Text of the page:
The right to dissent is a founding principle of our country. Often, in the United States and abroad, powerful forces attempt to suppress speech in times of political tension or when people are making demands for change. Yet, this is exactly when speech and assembly are most important.

The right to peacefully assemble rests at the core of democratic societies and is guaranteed by a number of human rights laws and our own First Amendment. Despite clear protections, governments have not always protected the right to dissent, and it is a growing issue today. Fortunately, there a number of organizations worldwide working to safeguard this right.

“Everyone has the right to freedom of peaceful assembly and association.” Article 20, Universal Declaration of Human Rights (1948)

The Organization for Security and Co-operation in Europe (OSCE) has a dedicated Office for Democratic Institutions and Human Rights (ODIHR) which focuses on the freedom to peacefully assemble. Every two years, ODIHR travels to various countries to monitor assemblies and uphold the rights of demonstrators. ODIHR produces a monitoring report and invites practitioners who monitor assemblies to discuss obstacles to monitoring and areas in need of reform.

In December, I travelled to Vienna, Austria to participle in one of these roundtable discussions and share my experience monitoring assemblies with the National Lawyers Guild and to discuss the ACLU of Ohio’s role during the 2016 Republican National Convention. The event brought together 34 civil society organizations and OSCE field offices from 18 different countries.

The role of assembly monitors—or as we call them, “legal observers”—is crucial to ensuring that people are able to express their views through speech and assembly. Legal observers serve as third-party monitors to document and witness any law enforcement misconduct, and they can also deter actions which would suppress speech and impede assemblies. Because of their role, legal observers help ensure public accountability and effective dialogue on the policing of dissent. Well-documented monitoring reports can even be used to highlight best practices as well as advocate for policy changes with authorities.

Check out ODIHR’s Handbook on Monitoring the Freedom of Peaceful Assembly

While the current political and governmental structures and climates may be different in countries ranging from Turkey to the UK, we face many of the same obstacles to the freedom of assembly. Participants discussed excessive use of force and the militarization of law enforcement, as well as increased surveillance technology used on demonstrators and monitors alike. A theme was clear: while authorities have an obligation to help protect and facilitate assemblies, in practice, they often do the opposite. We know that over the past several years, law enforcement across the United States has engaged in sweeping civil liberties violations, engaging in the mass arrest and surveillance of protesters related to the Black Lives Matter and other movements.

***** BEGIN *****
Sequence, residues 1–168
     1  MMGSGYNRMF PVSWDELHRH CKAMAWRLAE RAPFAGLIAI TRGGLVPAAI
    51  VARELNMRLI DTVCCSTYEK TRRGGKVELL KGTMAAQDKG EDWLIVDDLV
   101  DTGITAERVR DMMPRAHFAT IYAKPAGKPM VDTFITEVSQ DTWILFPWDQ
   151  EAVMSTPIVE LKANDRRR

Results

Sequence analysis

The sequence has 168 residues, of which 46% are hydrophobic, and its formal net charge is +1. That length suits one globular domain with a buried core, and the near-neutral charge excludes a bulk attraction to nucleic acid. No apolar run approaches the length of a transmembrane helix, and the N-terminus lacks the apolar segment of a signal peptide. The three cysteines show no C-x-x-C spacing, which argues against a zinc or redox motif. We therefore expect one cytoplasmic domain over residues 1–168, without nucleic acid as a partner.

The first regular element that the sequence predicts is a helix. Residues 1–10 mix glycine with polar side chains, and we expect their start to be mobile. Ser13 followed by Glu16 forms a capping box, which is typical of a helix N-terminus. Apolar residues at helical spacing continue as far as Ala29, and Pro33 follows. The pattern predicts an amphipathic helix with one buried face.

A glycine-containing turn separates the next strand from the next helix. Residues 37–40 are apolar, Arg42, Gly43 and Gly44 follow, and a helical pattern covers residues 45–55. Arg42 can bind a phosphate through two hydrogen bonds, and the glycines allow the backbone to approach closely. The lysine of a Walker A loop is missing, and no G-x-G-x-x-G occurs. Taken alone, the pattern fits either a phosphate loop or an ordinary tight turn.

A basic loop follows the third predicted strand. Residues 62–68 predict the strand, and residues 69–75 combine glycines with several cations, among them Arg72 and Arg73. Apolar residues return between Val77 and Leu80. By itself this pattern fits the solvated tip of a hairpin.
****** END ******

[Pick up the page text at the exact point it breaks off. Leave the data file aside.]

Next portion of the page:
Many participants also expressed concerns around the need for law enforcement to ensure the right of everyone to assemble and to protect various groups from counter demonstrators, especially during times of political friction. Likewise, many countries are struggling with the intersection of assembly and the right to privacy. For example, simply attending an LGBT Pride event could put your life at risk, yet in some countries it is illegal to wear a mask to protect your identity.

The roundtable highlighted the need for monitors to continue to observe assemblies and help uphold the right to dissent. Everyone should be able to associate freely, organize, and make themselves heard through assembly to push for political and social change without fear of cumbersome hurdles or looming punishment.

Thankfully the ACLU has been championing First Amendment rights for nearly 100 years, and we will continue to do so for many more.

The day after President-elect Trumps’ inauguration, hundreds of thousands of demonstrators are set to participate in the Women’s March on Washington, and the ACLU is a proud sponsor.